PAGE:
Fort McMurray wildfire cuts production by a million barrels a day — and oil prices drop?

It's been nearly a week since Alberta's oil production began to slow as a result of the wildfire in Fort McMurray. More than a million barrels a day has been take off the market, with more being shut in on Monday, and there's no firm timeline for starting up.

So far, the oil market has largely shrugged off the effects of the disaster on supply, confident that production will come back in relatively short order.

Analysts say that may begin to change, though, as the flow of oil to U.S. refineries starts to slow and oilsands operations try to figure out how to restart with many of their workers displaced.

Oil prices down

While there has been a small increase in the price of Western Canadian oil, the two major benchmarks, Brent and West Texas Intermediate, dropped around three per cent on Monday.

OPEC Ali Al-Naimi

Oil markets are reacting this week to Ali al-Naimi, Saudi Arabia's former oil minister, who has retired from his job. (Vladimir Weiss/Bloomberg)

Events outside of Alberta were roiling the oil market, such as reports of more oil in storage in the U.S. Midwest and the retirement of Ali Al-Naimi, Saudi's longtime oil minister.

Al-Naimi was the architect of the policy that caused oil prices to fall so dramatically in late 2014, but his replacement is thought to be even more supportive of that policy, which sees market share as more important than short-term prices.

Oil from the oilsands is mostly exported to refineries in the U.S. Midwest and on the Gulf Coast. But oil moves through pipelines around eight km/h an hour, so the oil received this week in the Chicago area left Alberta in April and is going right into storage.

'Oilsands operators have a lot of expenses right now and need revenue to pay for those.' - Jackie Forrest, Arc Financial

"You produce the oil, it goes into pipelines and then it goes into inventories," said Robert Mark, an energy analyst with investment bank 3Macs.

"If you were to say we'd be short a million barrels a day for a couple of months, then it would have an impact."

Gas prices stable for now

Despite the pause in the flow of oil to the Suncor refinery in Edmonton, gasoline prices in Alberta have not moved yet. In fact, Roger McKnight, a petroleum analyst with En-Pro, expects prices to fall over the next 36 hours, but could move higher in the days to come

"Gasoline prices will go up relatively soon, I would imagine, because the key refinery hubs are the U.S. Midwest and Gulf Coast, and the U.S. Midwest uses almost exclusively Western Canadian select that comes from Alberta," said McKnight.

McKnight agrees that prices for gasoline will depend on when oilsands operations are able to start up again, but pointed out that even gasoline inventories are very high, so there is downward pressure on gas at least for the time being.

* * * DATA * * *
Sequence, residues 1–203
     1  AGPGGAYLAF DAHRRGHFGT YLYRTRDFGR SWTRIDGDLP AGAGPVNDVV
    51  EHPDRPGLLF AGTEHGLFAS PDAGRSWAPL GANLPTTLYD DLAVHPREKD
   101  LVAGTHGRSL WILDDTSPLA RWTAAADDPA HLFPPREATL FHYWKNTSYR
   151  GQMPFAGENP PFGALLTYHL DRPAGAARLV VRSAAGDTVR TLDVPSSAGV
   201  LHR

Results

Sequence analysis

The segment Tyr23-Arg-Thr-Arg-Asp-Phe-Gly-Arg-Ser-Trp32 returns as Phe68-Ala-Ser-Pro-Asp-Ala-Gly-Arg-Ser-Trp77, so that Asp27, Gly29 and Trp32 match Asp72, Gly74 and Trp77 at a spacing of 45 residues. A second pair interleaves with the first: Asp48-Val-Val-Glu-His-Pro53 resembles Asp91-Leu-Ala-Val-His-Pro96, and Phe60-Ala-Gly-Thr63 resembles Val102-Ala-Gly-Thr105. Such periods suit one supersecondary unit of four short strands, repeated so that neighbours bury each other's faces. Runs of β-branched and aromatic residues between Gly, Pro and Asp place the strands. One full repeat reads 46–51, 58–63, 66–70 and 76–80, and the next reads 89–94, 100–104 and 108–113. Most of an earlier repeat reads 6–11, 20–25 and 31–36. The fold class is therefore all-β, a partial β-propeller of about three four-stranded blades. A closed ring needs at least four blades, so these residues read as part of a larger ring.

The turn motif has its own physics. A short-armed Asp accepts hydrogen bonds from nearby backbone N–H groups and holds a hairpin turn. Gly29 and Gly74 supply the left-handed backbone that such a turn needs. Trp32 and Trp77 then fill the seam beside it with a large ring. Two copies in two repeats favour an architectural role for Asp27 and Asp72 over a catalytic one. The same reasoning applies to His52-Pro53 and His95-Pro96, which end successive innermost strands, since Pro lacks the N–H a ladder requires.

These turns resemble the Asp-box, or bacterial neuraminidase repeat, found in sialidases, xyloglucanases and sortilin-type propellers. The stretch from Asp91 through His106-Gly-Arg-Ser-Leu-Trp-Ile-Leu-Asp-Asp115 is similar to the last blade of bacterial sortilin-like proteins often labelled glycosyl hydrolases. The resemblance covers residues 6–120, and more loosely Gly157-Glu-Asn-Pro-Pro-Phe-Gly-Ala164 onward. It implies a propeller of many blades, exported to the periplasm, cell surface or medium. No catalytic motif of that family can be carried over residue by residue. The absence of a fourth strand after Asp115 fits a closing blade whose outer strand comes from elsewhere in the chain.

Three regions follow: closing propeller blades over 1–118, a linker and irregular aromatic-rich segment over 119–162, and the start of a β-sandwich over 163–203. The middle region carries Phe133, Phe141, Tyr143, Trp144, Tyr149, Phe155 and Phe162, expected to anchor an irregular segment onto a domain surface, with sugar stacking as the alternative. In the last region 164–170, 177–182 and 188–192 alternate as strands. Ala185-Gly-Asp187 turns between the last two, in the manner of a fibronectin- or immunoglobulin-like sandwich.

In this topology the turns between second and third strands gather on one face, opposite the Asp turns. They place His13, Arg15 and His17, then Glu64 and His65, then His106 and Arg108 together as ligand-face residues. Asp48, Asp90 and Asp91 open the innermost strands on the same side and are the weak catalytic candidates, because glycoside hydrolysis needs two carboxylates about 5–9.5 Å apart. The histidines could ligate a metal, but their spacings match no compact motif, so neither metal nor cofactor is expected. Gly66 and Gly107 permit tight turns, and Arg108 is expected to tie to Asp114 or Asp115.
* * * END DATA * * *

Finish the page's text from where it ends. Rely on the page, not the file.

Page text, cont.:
Nexen Long Lake

Nexen's Long Lake oilsands operations sustained some small damage from the wildfire. (CBC)

No timeline for startup

There has been no serious damage to any oilsands operation in the Fort McMurray area and the fire is now moving away from the city.

Suncor said that it is already preparing for startup once it is safe to do so, which will depend on the fires being extinguished or at least far enough away from oilsands operations that safety and air quality are not issues.

No one is clear when that will be, but Jackie Forrest, vice-president of energy research with ARC Financial, said that once the fires are out, it won't take long to get production back.

Forrest said that last year fires in Cold Lake, Alta., caused some facilities to shut down, and within two days of the all-clear, the plants were up and running.

"This may be a little different because the scale is a lot larger," said Forrest. "But I do think that you will see startups fairly quickly because there is a fair amount of motivation to get those operations back on line."

"Oilsands operators have a lot of expenses right now and need revenue to pay for those."

The human element

Nearly 90 per cent of Fort McMurray's structures remain intact, but Alberta's Premier Rachel Notley said that it will be at least two weeks before people will be able to return to the city safely.

"The real issue here for the oilsands is that we don't know the answer to is how functional will the city of Fort McMurray be," said Mark.

"There could be real challenges as to the ability of people to live there, and the human element is such a core part of these operations.

"If they can't live their lives, can't get back into their homes, it's going to be much more difficult for the Suncors of the world to start their operations."

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